This is a guest post by Peter Hartono, the founder and CEO of Just Aquatic.
Landscaping a goldfish aquarium can lend natural aesthetic beauty to any setup. However, adding natural structures such as driftwood and aquarium plants should not just be a spur of the moment decision.
There is a need to plan and decide which additions will work well and bring out the best visual impact without compromising the health and well-being of the aquarium inhabitants.
Benefits of aquarium driftwood
Aside from giving a natural look to your aquarium, adding driftwood to a goldfish aquarium offers the following benefits:
Maintenance of the ecosystem
Aquarium driftwood promotes the growth of beneficial bacteria inside the tank. This bacterial population plays an important role in breaking down fish by-products, such as ammonia and nitrites, and converting them into less toxic compounds.
The surface of the driftwood provides a good environment for nitrifying bacteria to establish colonies and thrive.
Boost the immune system of the fish population
When driftwood is submerged in water, there is slow leaching of tannins into the water. These tannins create an environment that is slightly acidic, an environment which is perfect for keeping pathogenic bacteria and viruses at bay.
Tannins in water also promote increased levels of available oxygen in the water.
If you are constantly battling alkaline tap water, the addition of driftwood to your aquarium can help buffer and sustain a lower tank pH. This is especially important for fish populations that require slightly acidic or soft water to thrive.
Provides a natural habitat
Driftwood usually exists in natural habitats of fish populations. Adding driftwood to your goldfish tank can help create a natural habitat where your fish can use the driftwood for breeding, hiding, or even as a source of food.
Things to consider before adding aquarium driftwood
You cannot just add driftwood into your aquarium, as this can disturb the delicate aquatic environment and result in stress and possibly death of the fish.
Being a fragile ecosystem, it is important that you take into consideration the following important factors before adding driftwood to your aquarium:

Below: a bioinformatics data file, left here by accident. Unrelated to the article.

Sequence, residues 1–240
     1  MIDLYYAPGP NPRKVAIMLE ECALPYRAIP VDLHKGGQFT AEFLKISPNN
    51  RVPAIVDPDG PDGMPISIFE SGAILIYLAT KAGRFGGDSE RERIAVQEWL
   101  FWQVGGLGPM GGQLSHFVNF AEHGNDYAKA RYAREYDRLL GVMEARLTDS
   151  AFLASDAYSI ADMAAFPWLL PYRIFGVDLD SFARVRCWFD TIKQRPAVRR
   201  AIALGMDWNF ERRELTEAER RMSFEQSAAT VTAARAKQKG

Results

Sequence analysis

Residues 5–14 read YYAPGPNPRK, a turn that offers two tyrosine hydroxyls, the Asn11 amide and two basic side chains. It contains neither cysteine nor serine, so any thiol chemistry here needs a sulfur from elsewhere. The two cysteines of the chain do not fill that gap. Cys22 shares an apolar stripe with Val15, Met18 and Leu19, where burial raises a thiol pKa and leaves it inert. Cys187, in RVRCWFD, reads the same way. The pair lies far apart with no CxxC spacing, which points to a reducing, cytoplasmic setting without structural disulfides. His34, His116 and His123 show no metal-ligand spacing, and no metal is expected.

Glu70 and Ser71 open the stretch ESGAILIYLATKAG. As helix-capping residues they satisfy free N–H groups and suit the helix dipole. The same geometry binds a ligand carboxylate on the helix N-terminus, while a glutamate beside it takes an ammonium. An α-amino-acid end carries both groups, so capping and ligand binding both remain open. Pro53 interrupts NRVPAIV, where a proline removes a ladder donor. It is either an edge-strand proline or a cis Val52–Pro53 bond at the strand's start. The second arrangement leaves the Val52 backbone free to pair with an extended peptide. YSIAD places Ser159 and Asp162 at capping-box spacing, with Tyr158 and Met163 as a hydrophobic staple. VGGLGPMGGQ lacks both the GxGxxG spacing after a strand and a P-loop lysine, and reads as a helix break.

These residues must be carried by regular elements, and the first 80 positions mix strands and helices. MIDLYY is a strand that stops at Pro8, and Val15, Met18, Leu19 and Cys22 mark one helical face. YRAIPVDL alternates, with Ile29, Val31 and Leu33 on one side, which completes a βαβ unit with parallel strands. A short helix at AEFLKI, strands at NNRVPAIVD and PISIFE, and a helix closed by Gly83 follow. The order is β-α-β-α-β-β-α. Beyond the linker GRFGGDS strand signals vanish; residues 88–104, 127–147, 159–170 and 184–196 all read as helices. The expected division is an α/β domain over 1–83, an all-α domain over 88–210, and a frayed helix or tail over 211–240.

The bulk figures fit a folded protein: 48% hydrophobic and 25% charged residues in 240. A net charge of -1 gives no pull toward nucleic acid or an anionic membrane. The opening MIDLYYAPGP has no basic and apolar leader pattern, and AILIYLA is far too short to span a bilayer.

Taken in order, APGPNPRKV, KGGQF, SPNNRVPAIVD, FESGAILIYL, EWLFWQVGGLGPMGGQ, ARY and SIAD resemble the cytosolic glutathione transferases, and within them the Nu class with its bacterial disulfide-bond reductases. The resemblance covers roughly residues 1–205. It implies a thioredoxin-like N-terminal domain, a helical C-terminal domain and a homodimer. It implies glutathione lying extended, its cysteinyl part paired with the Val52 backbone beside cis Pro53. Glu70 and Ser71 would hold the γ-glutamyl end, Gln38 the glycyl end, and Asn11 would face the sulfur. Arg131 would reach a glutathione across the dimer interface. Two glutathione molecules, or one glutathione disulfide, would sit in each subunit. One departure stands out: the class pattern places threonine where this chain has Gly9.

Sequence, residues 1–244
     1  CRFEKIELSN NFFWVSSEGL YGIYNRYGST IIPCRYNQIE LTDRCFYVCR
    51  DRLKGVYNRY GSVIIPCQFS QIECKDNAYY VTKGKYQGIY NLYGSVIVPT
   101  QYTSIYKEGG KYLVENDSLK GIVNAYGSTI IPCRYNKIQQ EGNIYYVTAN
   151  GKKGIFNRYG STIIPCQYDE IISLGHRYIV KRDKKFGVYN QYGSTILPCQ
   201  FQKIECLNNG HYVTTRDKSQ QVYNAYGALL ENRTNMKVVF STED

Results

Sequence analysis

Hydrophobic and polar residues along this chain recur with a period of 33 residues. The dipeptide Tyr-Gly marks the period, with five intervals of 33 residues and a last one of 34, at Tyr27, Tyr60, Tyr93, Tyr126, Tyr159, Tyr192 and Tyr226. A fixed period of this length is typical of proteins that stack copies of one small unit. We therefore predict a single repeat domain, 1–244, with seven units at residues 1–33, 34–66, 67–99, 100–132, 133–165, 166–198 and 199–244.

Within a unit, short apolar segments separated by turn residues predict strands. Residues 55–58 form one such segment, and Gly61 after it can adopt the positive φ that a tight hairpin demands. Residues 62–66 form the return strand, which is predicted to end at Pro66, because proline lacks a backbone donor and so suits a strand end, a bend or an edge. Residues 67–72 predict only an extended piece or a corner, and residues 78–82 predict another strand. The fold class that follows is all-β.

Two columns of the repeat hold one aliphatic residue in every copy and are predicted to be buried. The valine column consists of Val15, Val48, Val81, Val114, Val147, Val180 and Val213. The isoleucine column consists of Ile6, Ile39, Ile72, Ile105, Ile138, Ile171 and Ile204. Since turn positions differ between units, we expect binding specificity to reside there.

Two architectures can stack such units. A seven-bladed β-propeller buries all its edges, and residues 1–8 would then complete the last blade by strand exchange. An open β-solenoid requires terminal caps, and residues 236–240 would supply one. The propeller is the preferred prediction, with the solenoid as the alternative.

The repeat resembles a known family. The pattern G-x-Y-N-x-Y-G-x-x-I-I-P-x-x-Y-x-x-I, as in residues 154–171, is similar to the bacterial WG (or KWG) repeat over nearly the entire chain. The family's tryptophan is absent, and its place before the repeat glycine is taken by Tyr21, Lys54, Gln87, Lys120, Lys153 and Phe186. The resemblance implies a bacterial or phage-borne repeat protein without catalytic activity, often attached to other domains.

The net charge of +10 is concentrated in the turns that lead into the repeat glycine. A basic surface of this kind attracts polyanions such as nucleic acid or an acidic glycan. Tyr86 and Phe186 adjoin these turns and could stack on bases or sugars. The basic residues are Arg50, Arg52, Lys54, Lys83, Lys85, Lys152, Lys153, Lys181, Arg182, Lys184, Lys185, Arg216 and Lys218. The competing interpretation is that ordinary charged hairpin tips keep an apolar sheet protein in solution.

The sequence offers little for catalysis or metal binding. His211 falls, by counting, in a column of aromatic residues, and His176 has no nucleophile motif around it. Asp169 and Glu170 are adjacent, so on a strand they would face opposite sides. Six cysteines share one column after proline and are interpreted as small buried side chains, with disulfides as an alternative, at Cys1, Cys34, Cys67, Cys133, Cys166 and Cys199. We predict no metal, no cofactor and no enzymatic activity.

There are many types of driftwood available, but not all are good for your aquarium. For example, there are driftwoods that have been sprayed with chemicals that can harm your fish.
The best aquarium driftwoods are those that come from hardwood trees. Hardwood driftwood takes a long time to break down and won’t negatively change water quality.
It is also important to establish how your aquarium will look once driftwood is added. Try drawing a rough sketch to visualize the outcome without disturbing and stressing the tank inhabitants.
The driftwood should be thoroughly cleaned of dirt or debris before being added to the tank. Use a clean brush and avoid using soap or chemical cleansers since any residue can be toxic to your fish.
Sterilizing aquarium driftwood will remove any toxic substances and bacterial or fungal spores that may become potential sources of disease. Boiling driftwood for an hour or submerging it in a bucket with 5% bleach solution for at least 15 minutes can remove potential pathogens.
When driftwood has been soaked in bleaching solution, make sure to rinse very well and soak in bleach-free water for a day to remove any remnants of the bleach.
Curing or Leaching
This is often done to driftwood that remains slightly buoyant. Soaking the driftwood completely underwater for 1-2 weeks can fully saturate it. The soaking process also promotes leaching and removes excess tannins that can discolor the water and give it a “tea-stained” appearance.
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